Reasonableness does play a role in determining whether the defendant acted in good faith. Good faith is a defense to the willfulness element that the government must prove. The court instructed the jury that if it found "that the defendant, subjectively in his own mind, believed that he was not required by the law to file the returns in question or pay the taxes, it will be your duty to find him not guilty." The jury could use the reasonableness of the defendant's explanation for his actions to assess whether the defendant's version was credible. The more unreasonable the jury perceives the defendant's reasons for not paying taxes to be, the more the jury would likely infer that the defendant's proffered reasons were pretextual. Similarly, the more reasonable the defendant's reasons were, the more likely it is that the jury would credit them as being truthful. If the jury believed the testimony of the defendant and that testimony reflected an honest mistake in law, then the jury could find that the defendant acted in good faith. Accordingly, the court properly instructed the jury that the reasonableness of the defendant's actions "is a factor [the jury] can consider in determining whether the defendant acted in good faith."

Thursday, January 12, 2012

Further on Conscious Avoidance as a Substitute for -- or Indistinguishable From -- Willfulness (1/12/12)

I have previously written on the logical inconsistency of and dangers of the conscious avoidance concept that juries may be asked to apply in tax crimes requiring willfulness -- defined as the intentional violation of a known legal duty.  The problem is that the jury may believe that it can convict if the defendant knew (the statutory requirement) or should have known but did not because he or she consciously avoided knowledge (not the statutory requirement).  For prior rantings on this subject, click the Conscious Avoidance label below.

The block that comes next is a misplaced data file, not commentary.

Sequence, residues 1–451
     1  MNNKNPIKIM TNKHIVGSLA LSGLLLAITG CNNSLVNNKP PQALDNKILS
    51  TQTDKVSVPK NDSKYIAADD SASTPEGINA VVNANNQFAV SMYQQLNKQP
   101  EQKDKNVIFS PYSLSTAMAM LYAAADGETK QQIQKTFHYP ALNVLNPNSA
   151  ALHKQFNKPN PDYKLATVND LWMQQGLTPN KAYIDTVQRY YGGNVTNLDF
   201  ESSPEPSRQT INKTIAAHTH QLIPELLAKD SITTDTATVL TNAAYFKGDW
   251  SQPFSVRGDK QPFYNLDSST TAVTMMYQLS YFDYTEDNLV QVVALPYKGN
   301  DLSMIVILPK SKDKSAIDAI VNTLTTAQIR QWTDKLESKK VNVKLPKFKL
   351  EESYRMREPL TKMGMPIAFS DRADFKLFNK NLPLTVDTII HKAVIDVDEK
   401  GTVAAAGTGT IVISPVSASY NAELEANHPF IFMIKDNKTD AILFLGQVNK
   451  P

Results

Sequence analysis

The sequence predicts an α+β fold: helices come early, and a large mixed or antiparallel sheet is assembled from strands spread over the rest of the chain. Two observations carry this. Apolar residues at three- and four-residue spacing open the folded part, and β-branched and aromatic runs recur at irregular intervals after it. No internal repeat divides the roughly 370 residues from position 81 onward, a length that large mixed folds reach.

I have just had the opportunity to review an article on a related subject.  Francis X. Shen, Morris B. Hoffman, Owen D. Jones, Joshua D. Greene, Rene Marois,  Sorting Guilty Minds, 86 NYU L. Rev.1306 (2011), here.  The synopsis of the article is:
Because punishable guilt requires that bad thoughts accompany bad acts, the Model Penal Code (MPC) typically requires that jurors infer the mental state of a criminal defendant at the time the crime was committed. Specifically, jurors must sort the defendant’s mental state into one of four specific categories—purposeful, knowing, reckless, or negligent—which will in turn define both the nature of the crime and the degree of the punishment. The MPC therefore assumes that ordinary people naturally sort mental states into these four categories with a high degree of accuracy, or at least that they can reliably do so when properly instructed. It also assumes that ordinary people will order these categories of mental state, by increasing amount of punishment, in the same severity hierarchy that the MPC prescribes.